Whereas FSC leaves the existing typoscript configurations intact and only overwrites those, for which it provides its own configurations. This leads to a situation in the TypoScript Object Browser, where parts of CSC are shown, but not interpreted while rendering the frontend.

Unused TypoScript definitions

Unused TypoScript definitions

The sections „[10]“ and “[20]“ are still shown, but not interpreted any more. In order to generalize it, you can say:

1) Where a content element is defined as a COA, the rendering of CSC is executed
2) Where „lib.fluidContent“ is referenced, the rendering of FSC is executed.

Available defintions of the other rendering type are just ignored.

TypoScript Configuration

FSC comes with two typoscript configurations: „tt_content“ and „lib.fluidContent“. In the section „tt_content“ the default configuration from „lib.fluidContent“ is referenced in each content element. The key „templateName“ defines which fluid template is rendered. The templateName must be the same as the filename of the template.

The central part of „lib.fluidContent“ is the configuration of the various „*RootPaths”. These paths define where templates, layouts and partials reside.

Rootpath defintions

Rootpath defintions

Using numeric keys, multiple paths can be defined. Not every path has to provide the complete set of templating files. TYPO3 searches starting in the path with the highest key number. If the template, partial or layout is not found, the next path is checked. If nothing is found in the custom paths, TYPO3 will use the defaults delivered by the core.

Templates, Partials and Layouts

Templates are the starting point of the rendering defintion. An example is this piece of code:

At the beginning of a template the (optional) layout is defined. The layout tells TYPO3, which overall structure of the content element must be rendered. If a layout is used, the template defines usually at least one section. Multiple sections can be defined in the template. It is important that they must have a unique name.

The layout „HeaderContentFooter.html“  serves as an example. It is used by several templates of FSC.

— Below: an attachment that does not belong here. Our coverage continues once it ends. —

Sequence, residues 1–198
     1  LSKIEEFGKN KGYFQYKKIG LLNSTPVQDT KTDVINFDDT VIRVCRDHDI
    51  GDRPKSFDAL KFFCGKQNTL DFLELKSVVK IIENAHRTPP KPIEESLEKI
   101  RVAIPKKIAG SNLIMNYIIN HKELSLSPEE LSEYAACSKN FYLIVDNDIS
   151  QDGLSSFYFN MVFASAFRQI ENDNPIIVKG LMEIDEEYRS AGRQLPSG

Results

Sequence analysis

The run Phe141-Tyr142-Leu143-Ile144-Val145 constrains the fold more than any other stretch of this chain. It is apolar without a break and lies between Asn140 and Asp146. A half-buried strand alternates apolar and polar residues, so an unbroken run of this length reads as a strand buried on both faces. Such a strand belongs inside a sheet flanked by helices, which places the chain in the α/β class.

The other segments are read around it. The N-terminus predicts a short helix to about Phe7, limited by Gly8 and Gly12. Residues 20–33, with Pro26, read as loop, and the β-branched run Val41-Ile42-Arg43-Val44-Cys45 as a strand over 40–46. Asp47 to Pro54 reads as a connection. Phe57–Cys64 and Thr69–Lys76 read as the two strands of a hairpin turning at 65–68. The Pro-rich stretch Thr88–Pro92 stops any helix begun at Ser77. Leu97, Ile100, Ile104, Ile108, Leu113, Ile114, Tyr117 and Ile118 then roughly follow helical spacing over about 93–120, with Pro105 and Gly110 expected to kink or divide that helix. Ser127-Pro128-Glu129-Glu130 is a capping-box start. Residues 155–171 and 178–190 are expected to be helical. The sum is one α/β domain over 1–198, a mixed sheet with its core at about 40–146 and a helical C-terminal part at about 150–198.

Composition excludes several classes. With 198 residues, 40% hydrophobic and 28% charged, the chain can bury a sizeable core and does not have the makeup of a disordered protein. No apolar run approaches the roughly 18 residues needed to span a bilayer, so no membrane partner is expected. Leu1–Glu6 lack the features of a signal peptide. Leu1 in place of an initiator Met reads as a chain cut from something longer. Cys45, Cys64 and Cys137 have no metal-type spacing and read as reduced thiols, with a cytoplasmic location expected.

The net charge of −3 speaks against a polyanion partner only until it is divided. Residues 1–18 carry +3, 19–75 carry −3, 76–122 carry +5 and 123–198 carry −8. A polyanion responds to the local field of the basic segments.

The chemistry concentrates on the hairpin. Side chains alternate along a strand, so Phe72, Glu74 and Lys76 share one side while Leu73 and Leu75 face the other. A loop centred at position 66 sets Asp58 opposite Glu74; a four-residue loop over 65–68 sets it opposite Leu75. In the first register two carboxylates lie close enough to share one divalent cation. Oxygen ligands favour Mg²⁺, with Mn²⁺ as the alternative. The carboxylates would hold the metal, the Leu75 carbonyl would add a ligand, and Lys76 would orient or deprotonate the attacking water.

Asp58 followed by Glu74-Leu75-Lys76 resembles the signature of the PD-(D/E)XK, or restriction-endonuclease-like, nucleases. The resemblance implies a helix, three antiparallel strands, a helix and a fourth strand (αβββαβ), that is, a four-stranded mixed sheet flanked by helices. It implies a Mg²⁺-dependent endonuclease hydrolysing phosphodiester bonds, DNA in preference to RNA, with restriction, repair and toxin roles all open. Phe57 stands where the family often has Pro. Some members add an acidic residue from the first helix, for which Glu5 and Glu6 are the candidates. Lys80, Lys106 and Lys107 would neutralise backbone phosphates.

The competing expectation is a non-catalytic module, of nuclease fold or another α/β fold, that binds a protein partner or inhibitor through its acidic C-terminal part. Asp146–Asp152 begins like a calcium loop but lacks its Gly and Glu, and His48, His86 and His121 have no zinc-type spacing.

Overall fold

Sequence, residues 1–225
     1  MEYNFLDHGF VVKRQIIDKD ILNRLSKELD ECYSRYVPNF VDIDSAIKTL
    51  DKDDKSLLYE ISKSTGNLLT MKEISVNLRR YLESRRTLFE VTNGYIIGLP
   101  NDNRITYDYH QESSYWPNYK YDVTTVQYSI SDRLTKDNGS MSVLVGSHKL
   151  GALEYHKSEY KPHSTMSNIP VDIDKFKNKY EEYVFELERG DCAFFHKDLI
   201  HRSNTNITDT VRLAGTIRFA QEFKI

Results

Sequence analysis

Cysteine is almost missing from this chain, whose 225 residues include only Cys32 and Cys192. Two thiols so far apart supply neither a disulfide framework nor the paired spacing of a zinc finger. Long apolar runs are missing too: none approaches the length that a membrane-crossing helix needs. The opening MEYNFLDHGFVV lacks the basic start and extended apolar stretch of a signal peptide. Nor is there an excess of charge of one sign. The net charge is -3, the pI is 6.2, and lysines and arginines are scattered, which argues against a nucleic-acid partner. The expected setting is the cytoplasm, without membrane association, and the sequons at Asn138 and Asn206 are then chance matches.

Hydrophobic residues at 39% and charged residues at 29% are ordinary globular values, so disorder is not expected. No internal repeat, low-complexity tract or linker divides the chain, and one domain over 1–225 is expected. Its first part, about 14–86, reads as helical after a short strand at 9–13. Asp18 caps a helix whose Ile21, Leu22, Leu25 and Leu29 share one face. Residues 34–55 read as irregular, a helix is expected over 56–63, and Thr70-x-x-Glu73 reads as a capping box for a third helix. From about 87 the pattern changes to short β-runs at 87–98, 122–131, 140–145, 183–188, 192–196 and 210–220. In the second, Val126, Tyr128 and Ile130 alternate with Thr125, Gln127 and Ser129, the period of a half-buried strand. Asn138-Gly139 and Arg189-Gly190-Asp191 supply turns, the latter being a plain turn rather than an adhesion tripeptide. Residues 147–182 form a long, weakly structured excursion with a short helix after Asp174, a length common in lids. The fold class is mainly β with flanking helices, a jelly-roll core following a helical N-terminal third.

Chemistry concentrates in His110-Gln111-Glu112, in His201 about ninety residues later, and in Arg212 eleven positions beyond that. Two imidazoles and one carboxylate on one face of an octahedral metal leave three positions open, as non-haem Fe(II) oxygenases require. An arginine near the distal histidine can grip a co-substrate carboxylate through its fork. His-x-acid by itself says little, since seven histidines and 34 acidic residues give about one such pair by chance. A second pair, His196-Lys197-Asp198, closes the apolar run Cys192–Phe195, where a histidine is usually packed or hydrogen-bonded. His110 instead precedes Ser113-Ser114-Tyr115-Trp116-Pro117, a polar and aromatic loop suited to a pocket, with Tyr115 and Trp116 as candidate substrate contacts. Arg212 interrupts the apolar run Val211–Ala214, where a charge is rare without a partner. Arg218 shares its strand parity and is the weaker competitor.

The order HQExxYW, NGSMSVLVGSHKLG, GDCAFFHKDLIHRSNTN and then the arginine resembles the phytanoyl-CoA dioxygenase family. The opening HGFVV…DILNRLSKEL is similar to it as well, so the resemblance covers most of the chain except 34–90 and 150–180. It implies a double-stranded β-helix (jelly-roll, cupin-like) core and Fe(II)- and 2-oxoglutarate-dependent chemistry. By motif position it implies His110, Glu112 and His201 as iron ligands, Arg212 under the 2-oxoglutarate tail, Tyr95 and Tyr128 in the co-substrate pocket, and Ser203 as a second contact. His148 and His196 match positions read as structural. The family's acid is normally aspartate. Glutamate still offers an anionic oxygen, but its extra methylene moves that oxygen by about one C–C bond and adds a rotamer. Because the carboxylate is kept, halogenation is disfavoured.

The first line is necessary to comply the xml standards. The next line renders the starting div tag of the content element to the browser. The data array contains all values of the current database row of the table “tt_content”.

The third line calls the partial „Header“ and renders its content accordingly. All arguments, which are available in the layout, are passed to the partial. You can use them in the partial for whatever you want to.

Next is the section „content“. It is replaced by the section definition with the identical name of the template file referencing. The layout is closed by another partial „Footer“ which is followed by the closing div and html tag.

A partial is a fluid template, that can be reused at several places. The code and formatting is identical to the templates and layouts. A simple example is the partial “Footer”. It just renders the „link to top“ at the end of a content element. It is available in any content element. The code looks like this:

Probably you are curious, which data is available in the partial / layout / template, you can find it out by using the debug viewhelper. Just add the following line to one of the files … and you will see the all the arrays and values:

The difference between those two that {_all} is a superset of {data}. {_all} contains more information. For example the typoscript settings array is included.

If you have a look in the code, you see many viewhelpers used. To describe them all here is out of the scope of the article. All TYPO3 Fluid Viewhelpers are documented on typo3.org: https://docs.typo3.org/typo3cms/ExtbaseGuide/stable/Fluid/Index.html

Conclusion

Fluid Styled Content (FSC) is a really clean and easy way to do proper future proof templating for TYPO3. Furthermore you gain performance compared to the old CSC templating. If you did not use it already, give it a try!